President Clinton, Chelsea Clinton see firsthand how clean water saves lives
Through the eyes of children, parents, and teachers, former US President Bill Clinton and Chelsea Clinton got a personal look at the toll of unsafe water, as part of his visit to Groupe Scholaire Camp Kanombe primary school in Kigali, Rwanda.
“Let me say how grateful I am to both P&G, one of the greatest companies in the world in terms of its responsibilities to society and building into their business model lifting lives of people, and to World Vision, one of the great treasures of NGOs. The fact that they're doing this together means a lot to me,” President Bill Clinton said.
UNICEF estimates nearly 2,000 children die every day from diarrhea—more than HIV/AIDS and malaria combined.
World Vision and Procter & Gamble are partnering to change that. During the President’s visit, water experts demonstrated the P&G water purification packets. Within 30 minutes the small packet transforms brown, dirty, and dangerous water, making it safe for drinking.
“It’s one of the simplest things we can do to save lives,” President Clinton said.
“It's more than just a transformation of the water—it’s life-saving work,” said World Vision vice president of water and founder of the P&G Children's Safe Drinking Water Program, Dr. Greg Allgood. “There is nothing like seeing the look in a mother’s eyes when clean water means she no longer has to make the agonizing choice of giving her children water that she knows could make them sick. With partners P&G and many others, World Vision is doing that work on a large scale through the Clinton Global Initiative Commitment to Action—providing clean drinking water to a person every 30 seconds, impacting hundreds of thousands of children each year.”
During the visit President and Chelsea Clinton were able to talk with rural children and community members from Ntarama to learn the challenges of not having clean, easily accessible water. World Vision plans to provide 90 percent access to safe water supply by 2016 in the areas where the organization works in Rwanda.
World Vision is using key corporate and private donor partnerships, like P&G, as well as innovative thinking and new technology to dramatically increase the speed and scope of its water work. In just the last two years, World Vision had increased 4-5 times its capacity to provide clean water in the developing world, making it the largest nonprofit, nongovernmental provider of clean water in rural areas worldwide. The scaling up is part of World Vision's Campaign 'For Every Child'. Through the campaign, World Vision will reach more than 6 million people with clean water, spending $400 million in a five-year period. Water is one critical element of World Vision's comprehensive, holistic development program.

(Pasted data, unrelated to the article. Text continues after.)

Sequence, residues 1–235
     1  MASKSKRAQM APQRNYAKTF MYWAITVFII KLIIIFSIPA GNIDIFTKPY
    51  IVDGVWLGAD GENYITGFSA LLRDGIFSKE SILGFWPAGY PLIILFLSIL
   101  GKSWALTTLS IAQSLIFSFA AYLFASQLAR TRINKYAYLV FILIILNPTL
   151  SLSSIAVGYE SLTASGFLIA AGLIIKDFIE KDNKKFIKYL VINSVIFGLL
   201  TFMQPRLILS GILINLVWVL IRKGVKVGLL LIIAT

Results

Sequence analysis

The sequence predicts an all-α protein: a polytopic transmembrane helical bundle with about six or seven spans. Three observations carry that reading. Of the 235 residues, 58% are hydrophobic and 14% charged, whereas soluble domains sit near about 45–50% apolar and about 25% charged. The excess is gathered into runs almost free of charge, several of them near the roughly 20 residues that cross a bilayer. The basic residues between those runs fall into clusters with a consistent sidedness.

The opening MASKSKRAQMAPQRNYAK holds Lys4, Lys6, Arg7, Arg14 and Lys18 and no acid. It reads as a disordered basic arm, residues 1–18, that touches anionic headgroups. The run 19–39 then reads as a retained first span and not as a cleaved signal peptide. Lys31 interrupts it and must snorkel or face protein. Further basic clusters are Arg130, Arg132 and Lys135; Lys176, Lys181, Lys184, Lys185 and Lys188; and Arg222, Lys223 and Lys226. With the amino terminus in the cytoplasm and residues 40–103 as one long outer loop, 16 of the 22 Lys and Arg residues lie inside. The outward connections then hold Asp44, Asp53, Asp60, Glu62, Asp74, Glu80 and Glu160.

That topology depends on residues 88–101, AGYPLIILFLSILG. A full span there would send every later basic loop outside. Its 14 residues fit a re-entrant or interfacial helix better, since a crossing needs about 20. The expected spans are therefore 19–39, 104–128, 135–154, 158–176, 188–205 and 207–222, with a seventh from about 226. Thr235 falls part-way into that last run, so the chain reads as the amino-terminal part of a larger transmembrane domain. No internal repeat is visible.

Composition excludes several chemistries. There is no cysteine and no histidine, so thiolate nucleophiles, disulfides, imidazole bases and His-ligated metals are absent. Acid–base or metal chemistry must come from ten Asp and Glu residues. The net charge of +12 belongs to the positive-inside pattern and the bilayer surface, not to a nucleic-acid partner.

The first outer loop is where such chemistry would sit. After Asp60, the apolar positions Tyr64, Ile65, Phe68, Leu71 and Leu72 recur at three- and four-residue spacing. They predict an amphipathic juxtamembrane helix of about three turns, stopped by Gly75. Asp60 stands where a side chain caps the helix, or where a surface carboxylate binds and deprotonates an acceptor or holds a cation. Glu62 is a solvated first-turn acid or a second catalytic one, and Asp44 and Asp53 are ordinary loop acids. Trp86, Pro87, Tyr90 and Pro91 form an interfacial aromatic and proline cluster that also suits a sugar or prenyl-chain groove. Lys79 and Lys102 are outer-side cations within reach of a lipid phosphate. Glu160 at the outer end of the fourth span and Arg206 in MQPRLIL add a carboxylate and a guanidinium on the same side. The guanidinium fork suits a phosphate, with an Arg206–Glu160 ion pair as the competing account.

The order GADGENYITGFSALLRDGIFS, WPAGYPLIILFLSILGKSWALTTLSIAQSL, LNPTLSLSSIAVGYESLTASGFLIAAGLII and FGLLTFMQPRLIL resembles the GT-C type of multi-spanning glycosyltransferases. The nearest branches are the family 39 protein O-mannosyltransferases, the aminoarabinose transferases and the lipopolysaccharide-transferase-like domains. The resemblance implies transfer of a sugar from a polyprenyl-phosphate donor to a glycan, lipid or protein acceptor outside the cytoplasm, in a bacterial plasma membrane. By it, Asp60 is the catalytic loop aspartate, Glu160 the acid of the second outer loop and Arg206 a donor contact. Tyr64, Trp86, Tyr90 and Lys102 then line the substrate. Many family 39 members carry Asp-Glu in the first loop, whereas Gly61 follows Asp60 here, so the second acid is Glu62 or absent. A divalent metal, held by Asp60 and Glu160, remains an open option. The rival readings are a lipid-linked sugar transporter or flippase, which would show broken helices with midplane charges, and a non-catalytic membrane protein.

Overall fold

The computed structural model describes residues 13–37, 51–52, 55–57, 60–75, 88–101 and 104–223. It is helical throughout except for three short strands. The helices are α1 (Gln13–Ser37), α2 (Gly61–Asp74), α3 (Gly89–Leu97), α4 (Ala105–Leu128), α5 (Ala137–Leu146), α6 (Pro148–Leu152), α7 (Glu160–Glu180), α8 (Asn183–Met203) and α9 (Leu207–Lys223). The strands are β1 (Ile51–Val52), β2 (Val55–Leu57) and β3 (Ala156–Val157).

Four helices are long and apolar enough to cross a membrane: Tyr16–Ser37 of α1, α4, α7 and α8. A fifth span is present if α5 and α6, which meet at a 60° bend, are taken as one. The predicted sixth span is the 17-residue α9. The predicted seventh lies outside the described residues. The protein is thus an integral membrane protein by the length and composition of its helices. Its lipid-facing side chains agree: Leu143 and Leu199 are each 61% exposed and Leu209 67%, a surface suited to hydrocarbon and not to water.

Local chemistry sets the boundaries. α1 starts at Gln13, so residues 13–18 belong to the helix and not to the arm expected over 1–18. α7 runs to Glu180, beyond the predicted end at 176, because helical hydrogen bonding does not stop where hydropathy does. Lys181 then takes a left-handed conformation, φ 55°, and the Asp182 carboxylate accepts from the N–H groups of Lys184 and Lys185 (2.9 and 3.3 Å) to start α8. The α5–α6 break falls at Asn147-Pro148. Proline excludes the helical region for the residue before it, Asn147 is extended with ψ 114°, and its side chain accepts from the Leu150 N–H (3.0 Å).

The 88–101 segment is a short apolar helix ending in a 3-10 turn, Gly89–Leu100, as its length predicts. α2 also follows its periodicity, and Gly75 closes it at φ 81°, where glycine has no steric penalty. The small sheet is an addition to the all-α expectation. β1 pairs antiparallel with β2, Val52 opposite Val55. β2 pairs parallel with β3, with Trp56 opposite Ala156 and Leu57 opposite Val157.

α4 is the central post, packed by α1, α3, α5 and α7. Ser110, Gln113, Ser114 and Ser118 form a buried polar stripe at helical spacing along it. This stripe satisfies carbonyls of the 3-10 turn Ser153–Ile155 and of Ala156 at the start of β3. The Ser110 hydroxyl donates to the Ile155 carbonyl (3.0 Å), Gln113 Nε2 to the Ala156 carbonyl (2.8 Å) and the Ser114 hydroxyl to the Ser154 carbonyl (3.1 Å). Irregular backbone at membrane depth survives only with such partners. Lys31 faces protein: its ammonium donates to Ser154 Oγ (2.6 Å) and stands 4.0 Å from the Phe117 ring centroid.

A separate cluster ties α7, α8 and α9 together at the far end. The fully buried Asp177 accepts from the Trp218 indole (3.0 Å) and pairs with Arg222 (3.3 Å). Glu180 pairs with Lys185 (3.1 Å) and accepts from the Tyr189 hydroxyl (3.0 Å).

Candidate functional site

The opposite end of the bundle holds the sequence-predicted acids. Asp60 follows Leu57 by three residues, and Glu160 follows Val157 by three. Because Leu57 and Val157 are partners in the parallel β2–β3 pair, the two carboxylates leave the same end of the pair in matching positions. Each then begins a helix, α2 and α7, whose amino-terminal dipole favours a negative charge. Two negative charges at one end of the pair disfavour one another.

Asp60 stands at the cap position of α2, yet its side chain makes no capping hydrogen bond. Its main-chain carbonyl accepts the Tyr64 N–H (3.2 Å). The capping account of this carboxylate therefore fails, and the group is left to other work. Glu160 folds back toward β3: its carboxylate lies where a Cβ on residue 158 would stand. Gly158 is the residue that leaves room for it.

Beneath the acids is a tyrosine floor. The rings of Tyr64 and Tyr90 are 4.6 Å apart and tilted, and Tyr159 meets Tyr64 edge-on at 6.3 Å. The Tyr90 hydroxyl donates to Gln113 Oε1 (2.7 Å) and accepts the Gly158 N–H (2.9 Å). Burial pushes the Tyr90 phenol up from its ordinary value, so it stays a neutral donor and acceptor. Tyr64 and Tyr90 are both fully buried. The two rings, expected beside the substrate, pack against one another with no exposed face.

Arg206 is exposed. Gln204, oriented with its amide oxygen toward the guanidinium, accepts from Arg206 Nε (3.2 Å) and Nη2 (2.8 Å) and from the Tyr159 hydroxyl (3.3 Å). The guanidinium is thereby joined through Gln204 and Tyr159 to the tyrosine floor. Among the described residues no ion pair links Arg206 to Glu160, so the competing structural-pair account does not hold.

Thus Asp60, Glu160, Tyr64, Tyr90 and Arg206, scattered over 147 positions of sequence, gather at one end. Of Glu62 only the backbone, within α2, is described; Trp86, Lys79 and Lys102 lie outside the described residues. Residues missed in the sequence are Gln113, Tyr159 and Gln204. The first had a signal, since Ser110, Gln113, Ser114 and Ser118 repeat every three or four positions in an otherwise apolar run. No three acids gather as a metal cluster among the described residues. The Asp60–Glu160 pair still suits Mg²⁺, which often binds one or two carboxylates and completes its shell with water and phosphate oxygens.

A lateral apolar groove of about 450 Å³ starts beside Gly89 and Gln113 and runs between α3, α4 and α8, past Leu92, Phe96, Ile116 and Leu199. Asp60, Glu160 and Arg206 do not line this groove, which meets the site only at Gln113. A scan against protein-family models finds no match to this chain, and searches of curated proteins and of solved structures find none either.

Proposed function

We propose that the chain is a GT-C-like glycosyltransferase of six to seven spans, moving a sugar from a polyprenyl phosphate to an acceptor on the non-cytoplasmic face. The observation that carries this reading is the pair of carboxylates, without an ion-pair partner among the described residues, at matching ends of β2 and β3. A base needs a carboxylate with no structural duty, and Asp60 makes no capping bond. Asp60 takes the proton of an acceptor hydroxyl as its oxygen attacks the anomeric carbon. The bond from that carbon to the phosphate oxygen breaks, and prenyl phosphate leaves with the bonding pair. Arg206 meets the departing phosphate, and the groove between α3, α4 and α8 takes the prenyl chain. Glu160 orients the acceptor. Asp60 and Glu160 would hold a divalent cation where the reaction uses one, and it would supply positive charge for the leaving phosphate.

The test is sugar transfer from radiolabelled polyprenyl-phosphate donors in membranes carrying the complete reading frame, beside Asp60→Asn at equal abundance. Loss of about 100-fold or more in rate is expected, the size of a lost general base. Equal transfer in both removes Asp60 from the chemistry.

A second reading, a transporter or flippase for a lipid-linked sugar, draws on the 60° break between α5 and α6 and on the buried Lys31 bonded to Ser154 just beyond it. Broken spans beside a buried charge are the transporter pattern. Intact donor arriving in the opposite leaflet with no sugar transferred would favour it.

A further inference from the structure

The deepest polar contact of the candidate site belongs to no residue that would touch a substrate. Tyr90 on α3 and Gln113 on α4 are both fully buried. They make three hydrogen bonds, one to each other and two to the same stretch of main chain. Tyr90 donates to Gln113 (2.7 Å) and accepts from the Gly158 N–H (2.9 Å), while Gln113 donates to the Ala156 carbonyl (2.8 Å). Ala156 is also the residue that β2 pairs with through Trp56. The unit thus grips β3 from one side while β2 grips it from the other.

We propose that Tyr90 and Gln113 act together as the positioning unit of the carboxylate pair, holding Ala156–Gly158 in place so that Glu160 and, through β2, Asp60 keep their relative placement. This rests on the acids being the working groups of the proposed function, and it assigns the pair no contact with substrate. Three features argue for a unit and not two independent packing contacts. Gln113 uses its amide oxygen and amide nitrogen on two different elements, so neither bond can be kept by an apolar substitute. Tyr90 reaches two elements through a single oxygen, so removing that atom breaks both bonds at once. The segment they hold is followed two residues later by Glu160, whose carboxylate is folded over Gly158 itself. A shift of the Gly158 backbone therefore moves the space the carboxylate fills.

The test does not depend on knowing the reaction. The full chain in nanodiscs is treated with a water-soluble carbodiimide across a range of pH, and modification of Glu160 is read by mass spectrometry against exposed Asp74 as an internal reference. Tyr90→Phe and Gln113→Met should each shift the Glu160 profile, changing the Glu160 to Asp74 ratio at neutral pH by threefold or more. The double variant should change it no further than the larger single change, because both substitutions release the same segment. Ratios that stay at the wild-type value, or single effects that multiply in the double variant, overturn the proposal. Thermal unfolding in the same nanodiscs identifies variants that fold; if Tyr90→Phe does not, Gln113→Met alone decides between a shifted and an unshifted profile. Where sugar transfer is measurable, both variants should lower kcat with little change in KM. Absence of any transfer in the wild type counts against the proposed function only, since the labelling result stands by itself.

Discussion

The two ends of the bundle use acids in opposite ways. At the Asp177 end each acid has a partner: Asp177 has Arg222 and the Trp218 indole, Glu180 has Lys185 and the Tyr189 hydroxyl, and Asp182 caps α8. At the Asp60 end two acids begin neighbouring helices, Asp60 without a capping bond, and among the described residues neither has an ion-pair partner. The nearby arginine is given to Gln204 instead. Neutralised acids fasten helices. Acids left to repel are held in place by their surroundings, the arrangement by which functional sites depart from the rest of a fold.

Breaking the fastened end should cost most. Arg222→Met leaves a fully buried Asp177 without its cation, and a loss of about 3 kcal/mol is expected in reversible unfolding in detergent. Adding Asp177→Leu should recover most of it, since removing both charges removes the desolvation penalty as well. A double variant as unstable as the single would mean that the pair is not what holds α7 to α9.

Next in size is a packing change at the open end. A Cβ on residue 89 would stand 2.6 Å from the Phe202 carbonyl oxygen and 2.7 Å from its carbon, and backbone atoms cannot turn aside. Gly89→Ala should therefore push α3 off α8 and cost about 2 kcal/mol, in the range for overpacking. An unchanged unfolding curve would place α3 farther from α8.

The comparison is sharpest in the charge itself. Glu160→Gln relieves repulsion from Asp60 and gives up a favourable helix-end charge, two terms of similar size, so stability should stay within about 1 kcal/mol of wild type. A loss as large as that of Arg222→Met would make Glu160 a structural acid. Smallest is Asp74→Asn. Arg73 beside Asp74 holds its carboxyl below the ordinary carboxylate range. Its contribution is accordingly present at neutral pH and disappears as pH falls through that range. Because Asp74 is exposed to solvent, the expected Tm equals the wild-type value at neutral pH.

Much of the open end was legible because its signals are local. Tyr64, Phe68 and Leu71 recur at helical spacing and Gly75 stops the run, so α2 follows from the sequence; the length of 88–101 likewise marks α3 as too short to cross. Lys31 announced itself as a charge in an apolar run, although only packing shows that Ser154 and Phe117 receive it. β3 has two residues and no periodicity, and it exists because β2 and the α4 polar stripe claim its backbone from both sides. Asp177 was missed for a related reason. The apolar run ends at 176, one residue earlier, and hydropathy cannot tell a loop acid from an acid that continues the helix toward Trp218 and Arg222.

“Our staff has seen firsthand how lives change when you bring clean water into a community,” said George Gitau, national director of World Vision in Rwanda. “It’s an immediate impact—the number of child deaths and malnutrition drop, the number of girls able to attend school rises, and we see more women able to participate in the economy, freed from the time-consuming and back-breaking work of fetching water.”
The Clinton’s visit creates momentum for the launch of the social media campaign "Flash Flood for Good" at the Clinton Global Initiative on September 24. “Flash Flood for Good” is a campaign that allows people to join in via Facebook and Twitter to raise awareness for the life-saving impact of clean water. The funds raised by that effort will help the school children in this village and many more in Rwanda as well as in World Vision programs in Myanmar and Ethiopia.